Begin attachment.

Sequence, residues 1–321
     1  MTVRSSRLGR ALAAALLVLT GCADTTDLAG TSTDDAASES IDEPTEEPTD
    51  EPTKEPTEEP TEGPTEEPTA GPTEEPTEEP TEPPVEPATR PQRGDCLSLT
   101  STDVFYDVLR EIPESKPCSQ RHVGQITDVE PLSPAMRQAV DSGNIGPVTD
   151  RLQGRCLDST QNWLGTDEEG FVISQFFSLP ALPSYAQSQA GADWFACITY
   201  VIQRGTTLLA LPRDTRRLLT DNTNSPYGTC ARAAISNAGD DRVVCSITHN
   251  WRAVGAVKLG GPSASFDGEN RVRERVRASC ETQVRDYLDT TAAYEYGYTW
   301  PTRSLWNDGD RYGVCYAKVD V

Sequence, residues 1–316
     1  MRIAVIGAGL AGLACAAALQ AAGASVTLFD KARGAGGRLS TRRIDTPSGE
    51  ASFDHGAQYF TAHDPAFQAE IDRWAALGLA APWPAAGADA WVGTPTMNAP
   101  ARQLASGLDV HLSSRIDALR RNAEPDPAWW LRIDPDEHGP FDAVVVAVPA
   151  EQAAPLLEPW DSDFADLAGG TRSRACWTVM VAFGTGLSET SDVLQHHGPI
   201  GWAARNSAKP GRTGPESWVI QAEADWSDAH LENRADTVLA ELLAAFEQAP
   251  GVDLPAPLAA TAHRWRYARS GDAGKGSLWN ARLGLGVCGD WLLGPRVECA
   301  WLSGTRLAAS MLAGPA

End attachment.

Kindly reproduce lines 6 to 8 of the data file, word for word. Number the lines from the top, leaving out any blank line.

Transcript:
   201  VIQRGTTLLA LPRDTRRLLT DNTNSPYGTC ARAAISNAGD DRVVCSITHN
   251  WRAVGAVKLG GPSASFDGEN RVRERVRASC ETQVRDYLDT TAAYEYGYTW
   301  PTRSLWNDGD RYGVCYAKVD V